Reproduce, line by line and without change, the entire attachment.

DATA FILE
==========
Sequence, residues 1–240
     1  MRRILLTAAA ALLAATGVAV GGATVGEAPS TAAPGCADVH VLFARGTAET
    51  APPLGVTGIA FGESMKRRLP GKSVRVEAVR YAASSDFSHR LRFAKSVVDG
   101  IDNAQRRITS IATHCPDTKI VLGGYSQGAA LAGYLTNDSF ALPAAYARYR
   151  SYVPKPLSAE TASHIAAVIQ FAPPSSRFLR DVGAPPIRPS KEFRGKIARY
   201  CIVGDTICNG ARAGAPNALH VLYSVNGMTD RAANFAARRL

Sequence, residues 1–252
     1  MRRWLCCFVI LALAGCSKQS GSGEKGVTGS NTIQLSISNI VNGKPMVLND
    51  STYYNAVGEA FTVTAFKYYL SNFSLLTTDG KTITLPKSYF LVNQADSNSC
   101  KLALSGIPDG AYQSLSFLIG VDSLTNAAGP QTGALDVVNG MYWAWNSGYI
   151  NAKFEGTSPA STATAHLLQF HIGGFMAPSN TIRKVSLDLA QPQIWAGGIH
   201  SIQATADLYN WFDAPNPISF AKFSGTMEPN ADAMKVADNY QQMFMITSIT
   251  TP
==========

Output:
Sequence, residues 1–240
     1  MRRILLTAAA ALLAATGVAV GGATVGEAPS TAAPGCADVH VLFARGTAET
    51  APPLGVTGIA FGESMKRRLP GKSVRVEAVR YAASSDFSHR LRFAKSVVDG
   101  IDNAQRRITS IATHCPDTKI VLGGYSQGAA LAGYLTNDSF ALPAAYARYR
   151  SYVPKPLSAE TASHIAAVIQ FAPPSSRFLR DVGAPPIRPS KEFRGKIARY
   201  CIVGDTICNG ARAGAPNALH VLYSVNGMTD RAANFAARRL

Sequence, residues 1–252
     1  MRRWLCCFVI LALAGCSKQS GSGEKGVTGS NTIQLSISNI VNGKPMVLND
    51  STYYNAVGEA FTVTAFKYYL SNFSLLTTDG KTITLPKSYF LVNQADSNSC
   101  KLALSGIPDG AYQSLSFLIG VDSLTNAAGP QTGALDVVNG MYWAWNSGYI
   151  NAKFEGTSPA STATAHLLQF HIGGFMAPSN TIRKVSLDLA QPQIWAGGIH
   201  SIQATADLYN WFDAPNPISF AKFSGTMEPN ADAMKVADNY QQMFMITSIT
   251  TP